Introduced by Moss Roberts
Illustrated by Victo Ngai
Illustrator Victo Ngai has beautifully visualised eight of the stories in this fascinating collection that reflects the defining philosophies of Chinese culture. With a preface by author Yiyun Li.
This landmark collection, spanning two millennia of storytelling, illuminates the beliefs and traditions that have shaped Chinese society. Each magical tale, whether depicting a wise judge, a poor family struggling to outwit a corrupt bureaucrat, or an insect coming to the aid of a human, reflects one of the three core Chinese philosophies: Confucianism, Taoism and Buddhism.
Interweaving the lives of mortals with the animal kingdom and the realm of gods and ghosts, these tales range from fables to stories of enchantment and magic. Aimed at adult readers, they are often the work of great philosophers; many are by the venerable P’u Sung-ling, who opposed the rigid orthodoxies of Confucianism; over 20 are by the Taoists Chuang Tzu and Lieh Tzu. Taoists believe that all things are created equal, rejecting the hierarchical worldview of the Confucians. Among Lieh’s tales are ‘Black and White’ and ‘Man or Beast’, which promote respect for animals. ‘The Golden Toothpick’ – the brief, sad tale of a hapless serving maid – warns against aligning lowly social status with lack of virtue. The Buddhist stories similarly espouse compassion towards all living things, perceiving human and animal forms as fluid and interchangeable. In ‘Three Former Lives’, the errant scholar Liu is reincarnated as a horse and then as a dog before finally, having atoned for his ills, being reborn as a man. The Confucians, conversely, view social order in terms of inherited status. The imperial family occupied the highest stratum, women, children and animals the lowest. Tales such as ‘A Clever Judge’ reinforce this doctrine, illustrating that stability and justice is achieved when social obligations are properly assigned and fulfilled.
In her preface, award-winning author Yiyun Li recalls her grandfather’s love of these tales, and how they continue to resonate with her own life. Victo Ngai, a New York based illustrator from Hong Kong, has beautifully visualised eight of the stories and created an exquisite binding design.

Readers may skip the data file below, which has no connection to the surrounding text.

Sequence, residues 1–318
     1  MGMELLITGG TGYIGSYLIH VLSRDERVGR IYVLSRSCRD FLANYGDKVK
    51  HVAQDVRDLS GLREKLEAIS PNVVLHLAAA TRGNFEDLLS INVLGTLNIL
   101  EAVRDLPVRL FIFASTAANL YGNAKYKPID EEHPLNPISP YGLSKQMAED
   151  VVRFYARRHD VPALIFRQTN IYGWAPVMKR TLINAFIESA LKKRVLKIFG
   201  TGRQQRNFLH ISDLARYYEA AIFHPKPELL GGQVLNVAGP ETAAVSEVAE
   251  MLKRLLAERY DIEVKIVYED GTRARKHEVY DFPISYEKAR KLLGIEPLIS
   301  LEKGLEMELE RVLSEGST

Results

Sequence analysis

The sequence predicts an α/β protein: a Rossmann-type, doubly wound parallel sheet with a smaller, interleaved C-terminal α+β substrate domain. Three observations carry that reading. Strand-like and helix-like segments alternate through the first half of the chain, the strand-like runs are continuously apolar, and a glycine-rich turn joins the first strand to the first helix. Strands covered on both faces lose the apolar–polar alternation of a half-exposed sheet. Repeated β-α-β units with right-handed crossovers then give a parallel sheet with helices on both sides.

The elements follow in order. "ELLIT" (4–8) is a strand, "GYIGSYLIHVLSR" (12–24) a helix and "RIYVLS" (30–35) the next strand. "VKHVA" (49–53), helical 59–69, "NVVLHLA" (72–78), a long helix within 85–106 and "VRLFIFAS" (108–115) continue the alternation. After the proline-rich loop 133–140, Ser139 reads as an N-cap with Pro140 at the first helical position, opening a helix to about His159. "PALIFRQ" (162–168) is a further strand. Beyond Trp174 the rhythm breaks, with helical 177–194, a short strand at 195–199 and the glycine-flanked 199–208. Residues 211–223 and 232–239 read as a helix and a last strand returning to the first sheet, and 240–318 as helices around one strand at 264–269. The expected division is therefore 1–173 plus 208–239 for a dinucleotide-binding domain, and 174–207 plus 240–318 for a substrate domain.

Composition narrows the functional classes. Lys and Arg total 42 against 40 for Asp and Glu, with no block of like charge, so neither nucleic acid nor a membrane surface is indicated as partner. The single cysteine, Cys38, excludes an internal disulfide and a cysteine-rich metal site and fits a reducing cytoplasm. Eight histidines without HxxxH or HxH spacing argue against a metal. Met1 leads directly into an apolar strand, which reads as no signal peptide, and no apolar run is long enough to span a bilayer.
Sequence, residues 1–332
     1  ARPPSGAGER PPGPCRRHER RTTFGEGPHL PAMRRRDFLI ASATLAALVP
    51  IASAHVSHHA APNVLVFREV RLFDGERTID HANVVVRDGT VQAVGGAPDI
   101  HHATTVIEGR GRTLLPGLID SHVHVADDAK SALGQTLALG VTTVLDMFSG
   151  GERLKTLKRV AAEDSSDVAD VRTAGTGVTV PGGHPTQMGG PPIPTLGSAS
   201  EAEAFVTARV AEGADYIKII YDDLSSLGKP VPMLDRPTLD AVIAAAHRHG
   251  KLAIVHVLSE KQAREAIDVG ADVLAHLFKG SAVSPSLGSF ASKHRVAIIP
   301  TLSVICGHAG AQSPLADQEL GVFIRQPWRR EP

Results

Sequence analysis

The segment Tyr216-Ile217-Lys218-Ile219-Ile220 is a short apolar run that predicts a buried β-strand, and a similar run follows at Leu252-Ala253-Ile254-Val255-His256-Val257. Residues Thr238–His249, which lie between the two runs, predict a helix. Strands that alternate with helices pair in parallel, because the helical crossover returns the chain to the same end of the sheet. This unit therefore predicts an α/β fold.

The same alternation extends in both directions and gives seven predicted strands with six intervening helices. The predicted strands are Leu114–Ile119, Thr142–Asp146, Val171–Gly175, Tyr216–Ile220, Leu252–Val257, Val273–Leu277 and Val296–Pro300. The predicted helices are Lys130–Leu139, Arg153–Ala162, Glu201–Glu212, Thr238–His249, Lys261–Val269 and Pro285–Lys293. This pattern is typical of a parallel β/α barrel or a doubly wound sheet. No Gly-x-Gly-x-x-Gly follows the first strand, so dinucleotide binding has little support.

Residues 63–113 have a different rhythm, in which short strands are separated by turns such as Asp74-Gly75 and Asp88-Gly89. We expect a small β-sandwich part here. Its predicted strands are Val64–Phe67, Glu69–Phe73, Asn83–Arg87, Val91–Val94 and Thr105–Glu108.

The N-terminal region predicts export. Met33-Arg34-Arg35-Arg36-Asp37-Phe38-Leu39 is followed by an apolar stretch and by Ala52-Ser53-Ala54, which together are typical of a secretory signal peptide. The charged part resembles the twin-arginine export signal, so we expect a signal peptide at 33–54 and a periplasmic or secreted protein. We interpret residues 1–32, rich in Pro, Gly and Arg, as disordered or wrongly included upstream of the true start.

An overview from translator Moss Roberts
This collection of stories serves two purposes: it gives readers some sense of how imaginative fiction reflects each of the three teachings of Chinese civilization (Confucian, Daoist and Buddhist); and it shows how fairy tales, or as the Chinese call them, supernatural tales (shenhua), give voice to the injustices inflicted on subordinated and exploited groups, namely, children, women, animals and foreigners.
The boundary between the human and the animal is the boundary between the social (or civilised) and the biological (or barbaric), an issue of the utmost importance in Chinese culture. Sublimation of the latter into the former is a major goal of the benevolent authoritarianism of Confucianism, which affirms the superiority of man over animal. Such themes are prevalent in tales like ‘North Country Wolf’, and ‘The Repentant Tiger’ and ‘Tiger Boys’; the tiger tales show the power of filial piety, the cardinal virtue of Chinese society.
A contrary Daoist view – the dominant one in this collection – is found in the short tales ‘Man and Beast’ and ‘Man or Beast’ in the Animal Kingdom section. Both tales question the dominance of the human over the animal, and invest the latter with virtues that those in authority have failed to act upon. Unlike Aesop’s method of using animals to illustrate human failings, the Chinese tales illustrate human virtues in animal guise – an inversion of values. Agency and authority is given to animals, to children and to women. In this Daoist angle of vision man holds a tiny place in the whole range of creation and must not exceed that place or aggrandise his position.
Lastly the collection contains a few Buddhist selections, showing how the idea of reincarnation overcomes the boundaries between human and animal, and even life and death. Tales such as ‘Suited to Be a Fish’ and ‘The Wizard’s Lesson’ are not directly involved in the Confucian–Daoist opposition, having rather more to do with the idea of transmigration, a crossing of an open border between the living and the afterlife. Here the human and animal worlds are part of a larger cosmic process. That is why the Buddhist concept of time is so vast, measured in eons, and thus capable of containing endless transformations and transcending human categories and judgment, unlike seasonal (Daoist) time or generational (Confucian or social) time, both of which confine themselves to moral evaluations.
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Review by David Anderson on 16th Mar 2015
"The ninety-five pieces in this book - tales, fables and fantasies - have been translated by Moss Roberts into sweet, limpid, modern American prose. They can be read and reread for their beguiling cont..." [read more]